Sprright agrees to purchase up to 140 Dufour Aero2 aircraft for transporting medical cargo
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Sprright has announced an agreement to purchase up to 140 Aero2 hybrid eVTOL aircraft from Swiss manufacturer Dufour Aerospace. The agreement includes the purchase of 40 unmanned Aero2 aircraft and options for an additional 100 aircraft.
This is the largest operator commitment for the Aero2 to date, and would be one of the largest civilian unmanned aerial vehicle purchases in US history.
Sprright is the drone division of Air Methods, a helicopter emergency medical services (HEMS) provider in the United States.
The company plans to use Aero2 planes to transport drugs, medical supplies and laboratory samples over medium to long distances. Those specimens could potentially include human organs, as well as blood tests and human tissue taken for analysis, said Joseph Resnik, president of Sprright.
“Part of Air Methods’ mission is not just to save lives, but to improve patient outcomes,” Resnik said during a Nov. 4 virtual press conference. over long distances more efficiently and quickly. The Aero2 will give us the ability to do that, especially in rural areas, where healthcare often isn’t as effective.
The Aero2 is a tilt-wing unmanned aircraft with four motors powering four rotors that allow vertical takeoff before transitioning to forward flight. Two tail fans provide additional thrust. It is designed to carry payloads of 40 kilograms (88 pounds) in standard configuration and 20 kg (44 pounds) in long-range configuration.
The aircraft’s maximum flight time is listed at three hours in hybrid-electric mode, and is claimed to provide one hour of “purely electric” flight time. Its cruising speed is listed up to 170 kilometers per hour (105 miles per hour).
“We are delighted with the confidence that Spright places in Dufour Aerospace, as evidenced by [Spright’s] purchase announcement for the Aero2,” said Thomas Pfammatter, CEO of Dufour Aerospace. “We are even happier that our design has withstood the critical eye of an experienced operator who knows what kind of products end users and the market need. The timing of this cooperation is the right one. Before, but especially during pandemic times, the need to transport medical goods and other essential goods over medium and long distances to remote locations has been clearly demonstrated.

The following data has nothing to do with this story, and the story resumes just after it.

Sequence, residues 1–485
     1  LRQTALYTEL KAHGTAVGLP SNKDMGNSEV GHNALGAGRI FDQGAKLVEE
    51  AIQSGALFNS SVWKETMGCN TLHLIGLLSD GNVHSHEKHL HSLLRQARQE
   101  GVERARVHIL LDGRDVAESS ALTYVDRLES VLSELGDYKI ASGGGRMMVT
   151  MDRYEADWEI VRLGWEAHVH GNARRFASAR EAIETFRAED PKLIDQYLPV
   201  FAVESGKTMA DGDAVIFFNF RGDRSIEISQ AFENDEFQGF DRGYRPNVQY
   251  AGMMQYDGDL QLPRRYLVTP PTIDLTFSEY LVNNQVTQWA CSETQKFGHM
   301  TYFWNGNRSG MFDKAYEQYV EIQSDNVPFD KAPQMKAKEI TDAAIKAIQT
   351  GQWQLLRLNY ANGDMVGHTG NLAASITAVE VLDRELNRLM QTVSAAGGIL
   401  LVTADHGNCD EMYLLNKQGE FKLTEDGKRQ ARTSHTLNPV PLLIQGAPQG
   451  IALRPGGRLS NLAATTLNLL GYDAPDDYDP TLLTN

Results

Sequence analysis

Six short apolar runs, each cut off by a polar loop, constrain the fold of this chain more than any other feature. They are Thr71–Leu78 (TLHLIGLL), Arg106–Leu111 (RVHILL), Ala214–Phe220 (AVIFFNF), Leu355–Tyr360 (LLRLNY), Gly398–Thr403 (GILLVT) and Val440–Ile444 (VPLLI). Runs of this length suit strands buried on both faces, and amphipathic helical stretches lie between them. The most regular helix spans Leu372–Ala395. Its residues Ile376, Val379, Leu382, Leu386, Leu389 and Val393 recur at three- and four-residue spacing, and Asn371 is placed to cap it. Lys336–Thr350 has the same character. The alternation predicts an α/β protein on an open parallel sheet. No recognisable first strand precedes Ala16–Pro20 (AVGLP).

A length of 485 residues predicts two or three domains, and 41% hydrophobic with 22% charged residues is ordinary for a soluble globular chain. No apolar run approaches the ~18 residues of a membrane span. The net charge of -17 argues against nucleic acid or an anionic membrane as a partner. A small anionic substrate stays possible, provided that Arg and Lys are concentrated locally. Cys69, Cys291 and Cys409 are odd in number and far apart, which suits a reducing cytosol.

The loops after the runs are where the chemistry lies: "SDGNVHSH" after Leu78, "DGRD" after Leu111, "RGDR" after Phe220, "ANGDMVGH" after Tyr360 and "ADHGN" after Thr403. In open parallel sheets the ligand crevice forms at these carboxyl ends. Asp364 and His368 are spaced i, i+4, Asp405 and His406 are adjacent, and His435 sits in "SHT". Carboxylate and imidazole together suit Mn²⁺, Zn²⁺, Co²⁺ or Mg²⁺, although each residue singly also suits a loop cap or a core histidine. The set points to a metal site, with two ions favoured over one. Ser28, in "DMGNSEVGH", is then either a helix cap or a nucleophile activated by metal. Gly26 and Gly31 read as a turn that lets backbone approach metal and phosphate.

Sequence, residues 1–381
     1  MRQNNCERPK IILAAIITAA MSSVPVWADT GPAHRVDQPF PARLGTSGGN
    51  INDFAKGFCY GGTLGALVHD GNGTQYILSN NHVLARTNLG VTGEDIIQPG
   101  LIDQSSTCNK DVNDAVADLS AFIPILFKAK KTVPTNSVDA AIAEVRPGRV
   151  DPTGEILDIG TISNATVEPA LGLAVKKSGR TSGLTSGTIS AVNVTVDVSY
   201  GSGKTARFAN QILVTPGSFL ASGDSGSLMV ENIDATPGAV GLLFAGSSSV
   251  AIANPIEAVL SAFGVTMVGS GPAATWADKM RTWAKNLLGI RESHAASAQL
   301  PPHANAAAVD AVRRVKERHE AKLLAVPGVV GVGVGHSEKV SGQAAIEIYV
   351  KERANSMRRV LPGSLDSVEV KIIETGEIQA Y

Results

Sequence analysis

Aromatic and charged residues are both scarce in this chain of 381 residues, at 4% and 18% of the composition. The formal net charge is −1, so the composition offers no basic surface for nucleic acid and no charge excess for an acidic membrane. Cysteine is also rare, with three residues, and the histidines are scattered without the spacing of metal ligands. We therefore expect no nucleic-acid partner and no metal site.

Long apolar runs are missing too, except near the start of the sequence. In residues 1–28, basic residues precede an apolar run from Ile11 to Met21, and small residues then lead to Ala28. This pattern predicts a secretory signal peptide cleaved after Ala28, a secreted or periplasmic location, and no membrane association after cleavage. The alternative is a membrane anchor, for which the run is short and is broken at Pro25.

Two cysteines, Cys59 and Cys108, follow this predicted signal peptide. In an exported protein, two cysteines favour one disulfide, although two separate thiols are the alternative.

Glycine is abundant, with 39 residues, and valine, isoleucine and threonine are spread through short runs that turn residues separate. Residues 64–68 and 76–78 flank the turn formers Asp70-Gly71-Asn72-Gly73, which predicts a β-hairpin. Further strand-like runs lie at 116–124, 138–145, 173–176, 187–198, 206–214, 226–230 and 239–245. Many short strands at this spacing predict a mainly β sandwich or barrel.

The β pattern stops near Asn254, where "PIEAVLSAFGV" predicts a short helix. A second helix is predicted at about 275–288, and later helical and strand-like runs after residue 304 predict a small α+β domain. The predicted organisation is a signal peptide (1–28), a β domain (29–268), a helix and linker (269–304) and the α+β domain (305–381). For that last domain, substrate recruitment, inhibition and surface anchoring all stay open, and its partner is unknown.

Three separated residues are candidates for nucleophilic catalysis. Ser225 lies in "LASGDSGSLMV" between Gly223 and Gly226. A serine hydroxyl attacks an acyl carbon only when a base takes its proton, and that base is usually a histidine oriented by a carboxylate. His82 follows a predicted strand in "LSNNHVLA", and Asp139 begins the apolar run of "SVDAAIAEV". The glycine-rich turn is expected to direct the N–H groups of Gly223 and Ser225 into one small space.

He said that more and more private actors, public institutions and government organizations are interested in using the capabilities of long-range drones for the benefit of people and to improve the efficiency of operations.
Dufour has two Aero2 prototypes performing test flights in Europe, and the company expects the aircraft to be certified by the United States Federal Aviation Administration in late 2024. Deliveries are expected to begin in early 2025.
Sprright will assist Dufour with testing, certification and production services, and will also become Aero2’s exclusive service, maintenance and training partner for third parties in North America. Heavy maintenance, overhaul and other services will be provided at Sprright’s facility in Gilbert, Arizona.
Dufour is also in the design phase of a passenger-carrying VTOL aircraft called Aero3, intended in part for the medical transport of patients. The company said the Aero3 will also be able to serve urban and regional air mobility markets, as well as logistics applications and private transportation needs.
Aero3 is designed with a distributed electric propulsion system with six main motors and propellers, as well as two tail motors and propellers.
“Aero3 is basically at its first prototype design,” Pfammatter said. “However, we obviously see a huge demand for Aero2. We want to focus our team right now on Aero2, bringing it to market.
Terms of the deal with Sprright were not disclosed, but the companies described it as a “multi-million dollar purchase” and a “multi-year strategic partnership”.